It's just as much as using the term "Eastern" or "Byzantine Catholic" to talk about Greek, Ukrainian, Russian, etc.  I don't think there's any confusion with them as "non-Chalcedonian", although I must say, it seems that some Coptic Catholics do venerate Coptic Orthodox saints, post-Chalcedonian.

Well, I think "Byzantine Catholic" is pretty clear, meaning only those Catholics that use the Byzantine Rite. On the other hand, "Eastern Catholic" sometimes (but not always) means only the Byzantine Catholics -- e.g. when people say "What are the differences between Eastern Catholics and Oriental Catholics?" and the like.

Well, I'll be honest with you.  You'll hear this repeatedly, "Eastern" and "Oriental" make no difference.  The reason why there's a difference is that you have both churches calling themselves "Eastern."  For the OO's, we call ourselves Eastern Orthodox, and the Byzantines, "Roman Orthodox" as opposed to "Roman Catholic."  For the EOs, they consider themselves "Eastern" in reference to the Roman Catholic, which is in the West.

So, the designation EO and OO became a result of the WCC trying to differentiate between our groups.  As a result, you have two groups calling themselves the same exact name, but in different English words.  In addition, those Catholic groups that correspond to the EO and OO become EC and OC respectively.  I guess one way you can put it is that the EC has a Chalcedonian heritage from the Byzantines and the Slavs, and the OC has a non-Chalcedonian heritage from the Copts, Armenians, and Syriacs, but both EC and OC believe in the Papal infallibility.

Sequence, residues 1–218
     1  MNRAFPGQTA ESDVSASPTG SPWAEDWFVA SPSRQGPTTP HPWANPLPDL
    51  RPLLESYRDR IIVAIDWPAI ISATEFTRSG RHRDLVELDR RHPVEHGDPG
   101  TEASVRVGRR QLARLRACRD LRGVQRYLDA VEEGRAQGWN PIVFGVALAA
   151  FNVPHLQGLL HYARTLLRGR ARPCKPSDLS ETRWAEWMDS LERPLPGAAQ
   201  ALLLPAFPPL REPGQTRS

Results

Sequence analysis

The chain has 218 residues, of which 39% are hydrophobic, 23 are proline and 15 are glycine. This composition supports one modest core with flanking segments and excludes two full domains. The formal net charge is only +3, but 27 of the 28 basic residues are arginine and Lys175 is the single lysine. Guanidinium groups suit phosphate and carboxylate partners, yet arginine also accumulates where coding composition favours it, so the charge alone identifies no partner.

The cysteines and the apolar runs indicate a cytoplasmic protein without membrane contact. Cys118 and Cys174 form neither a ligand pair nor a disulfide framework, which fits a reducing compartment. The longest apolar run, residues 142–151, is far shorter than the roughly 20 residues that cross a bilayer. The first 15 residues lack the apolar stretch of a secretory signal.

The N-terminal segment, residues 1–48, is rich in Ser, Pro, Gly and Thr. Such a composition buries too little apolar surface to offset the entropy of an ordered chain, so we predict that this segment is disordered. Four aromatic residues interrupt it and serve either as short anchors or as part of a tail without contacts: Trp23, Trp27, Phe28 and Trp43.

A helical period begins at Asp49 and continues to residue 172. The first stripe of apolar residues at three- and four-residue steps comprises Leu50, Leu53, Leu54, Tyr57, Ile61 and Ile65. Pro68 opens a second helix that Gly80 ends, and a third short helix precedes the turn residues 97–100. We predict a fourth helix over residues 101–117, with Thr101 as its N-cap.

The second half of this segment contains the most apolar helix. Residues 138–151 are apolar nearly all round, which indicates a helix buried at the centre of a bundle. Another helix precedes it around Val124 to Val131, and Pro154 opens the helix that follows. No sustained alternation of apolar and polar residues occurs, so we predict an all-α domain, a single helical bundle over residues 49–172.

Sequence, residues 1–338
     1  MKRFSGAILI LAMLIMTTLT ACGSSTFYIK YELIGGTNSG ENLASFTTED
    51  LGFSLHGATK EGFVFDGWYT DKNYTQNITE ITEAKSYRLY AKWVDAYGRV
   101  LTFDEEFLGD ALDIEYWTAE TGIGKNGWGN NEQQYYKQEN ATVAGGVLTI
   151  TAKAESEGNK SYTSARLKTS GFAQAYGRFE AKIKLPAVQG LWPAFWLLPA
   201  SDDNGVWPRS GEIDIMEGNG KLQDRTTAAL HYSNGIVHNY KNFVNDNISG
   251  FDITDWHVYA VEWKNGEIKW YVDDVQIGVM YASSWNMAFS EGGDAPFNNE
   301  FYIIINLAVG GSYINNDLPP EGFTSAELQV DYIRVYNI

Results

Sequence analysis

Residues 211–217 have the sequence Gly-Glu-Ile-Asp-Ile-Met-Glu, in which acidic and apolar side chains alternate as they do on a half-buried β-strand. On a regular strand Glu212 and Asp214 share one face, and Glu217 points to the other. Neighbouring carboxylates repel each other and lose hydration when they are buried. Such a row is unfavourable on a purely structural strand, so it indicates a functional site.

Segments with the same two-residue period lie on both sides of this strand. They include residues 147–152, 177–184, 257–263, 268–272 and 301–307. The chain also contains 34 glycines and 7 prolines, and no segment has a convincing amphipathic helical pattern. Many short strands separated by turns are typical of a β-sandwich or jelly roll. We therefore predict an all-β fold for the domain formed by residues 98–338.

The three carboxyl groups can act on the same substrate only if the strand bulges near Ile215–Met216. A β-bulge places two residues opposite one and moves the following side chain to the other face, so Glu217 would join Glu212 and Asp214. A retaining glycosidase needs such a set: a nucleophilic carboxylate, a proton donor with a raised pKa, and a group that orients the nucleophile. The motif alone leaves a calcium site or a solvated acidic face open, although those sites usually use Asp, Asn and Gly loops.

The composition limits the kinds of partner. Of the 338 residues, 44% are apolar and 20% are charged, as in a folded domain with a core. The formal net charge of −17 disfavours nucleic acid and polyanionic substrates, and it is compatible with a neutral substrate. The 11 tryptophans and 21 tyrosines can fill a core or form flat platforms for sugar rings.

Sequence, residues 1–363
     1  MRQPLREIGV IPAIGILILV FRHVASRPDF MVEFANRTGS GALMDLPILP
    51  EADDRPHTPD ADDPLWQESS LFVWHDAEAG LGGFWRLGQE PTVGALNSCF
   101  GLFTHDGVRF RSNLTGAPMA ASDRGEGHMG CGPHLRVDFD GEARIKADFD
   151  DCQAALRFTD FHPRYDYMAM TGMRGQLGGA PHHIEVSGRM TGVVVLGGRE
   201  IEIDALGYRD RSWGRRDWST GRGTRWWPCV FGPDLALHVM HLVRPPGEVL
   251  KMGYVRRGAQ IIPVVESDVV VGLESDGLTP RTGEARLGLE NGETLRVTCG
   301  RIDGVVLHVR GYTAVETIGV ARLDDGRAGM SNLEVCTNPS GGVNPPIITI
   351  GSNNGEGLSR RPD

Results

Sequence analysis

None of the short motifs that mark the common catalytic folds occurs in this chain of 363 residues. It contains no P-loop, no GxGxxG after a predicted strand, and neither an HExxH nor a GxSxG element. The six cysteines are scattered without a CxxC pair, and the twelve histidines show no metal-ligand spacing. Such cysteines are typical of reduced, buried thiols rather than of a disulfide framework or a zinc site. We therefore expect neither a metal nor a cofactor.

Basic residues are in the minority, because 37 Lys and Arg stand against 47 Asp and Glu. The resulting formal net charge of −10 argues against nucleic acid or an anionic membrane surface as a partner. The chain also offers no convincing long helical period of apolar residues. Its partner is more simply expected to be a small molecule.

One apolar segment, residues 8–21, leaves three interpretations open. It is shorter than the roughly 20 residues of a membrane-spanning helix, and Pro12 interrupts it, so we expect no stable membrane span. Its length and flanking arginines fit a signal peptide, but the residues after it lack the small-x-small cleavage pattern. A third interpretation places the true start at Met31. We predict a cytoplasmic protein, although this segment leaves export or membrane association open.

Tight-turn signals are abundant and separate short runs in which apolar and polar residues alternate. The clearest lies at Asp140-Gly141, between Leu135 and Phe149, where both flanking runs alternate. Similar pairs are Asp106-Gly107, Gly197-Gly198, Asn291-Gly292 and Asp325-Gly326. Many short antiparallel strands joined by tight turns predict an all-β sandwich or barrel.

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« Reply #24 on: September 15, 2012, 02:58:40 PM »

Well, I'll be honest with you. 

Well it's about time!

You'll hear this repeatedly, "Eastern" and "Oriental" make no difference.  The reason why there's a difference is that you have both churches calling themselves "Eastern."  For the OO's, we call ourselves Eastern Orthodox, and the Byzantines, "Roman Orthodox" as opposed to "Roman Catholic."  For the EOs, they consider themselves "Eastern" in reference to the Roman Catholic, which is in the West.

So, the designation EO and OO became a result of the WCC trying to differentiate between our groups.  As a result, you have two groups calling themselves the same exact name, but in different English words.  In addition, those Catholic groups that correspond to the EO and OO become EC and OC respectively.  I guess one way you can put it is that the EC has a Chalcedonian heritage from the Byzantines and the Slavs, and the OC has a non-Chalcedonian heritage from the Copts, Armenians, and Syriacs, but both EC and OC believe in the Papal infallibility.

(Sorry I just couldn't resist saying that.  Smiley  Grin I meant it jokingly, as you may already realize.)